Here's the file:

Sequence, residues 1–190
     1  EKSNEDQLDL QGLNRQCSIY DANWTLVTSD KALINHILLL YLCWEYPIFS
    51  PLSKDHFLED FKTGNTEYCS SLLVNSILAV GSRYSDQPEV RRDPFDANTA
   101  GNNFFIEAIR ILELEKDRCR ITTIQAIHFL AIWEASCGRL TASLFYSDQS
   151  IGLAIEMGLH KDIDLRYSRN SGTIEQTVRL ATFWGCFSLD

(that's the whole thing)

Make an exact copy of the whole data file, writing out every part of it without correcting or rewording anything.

Sequence, residues 1–190
     1  EKSNEDQLDL QGLNRQCSIY DANWTLVTSD KALINHILLL YLCWEYPIFS
    51  PLSKDHFLED FKTGNTEYCS SLLVNSILAV GSRYSDQPEV RRDPFDANTA
   101  GNNFFIEAIR ILELEKDRCR ITTIQAIHFL AIWEASCGRL TASLFYSDQS
   151  IGLAIEMGLH KDIDLRYSRN SGTIEQTVRL ATFWGCFSLD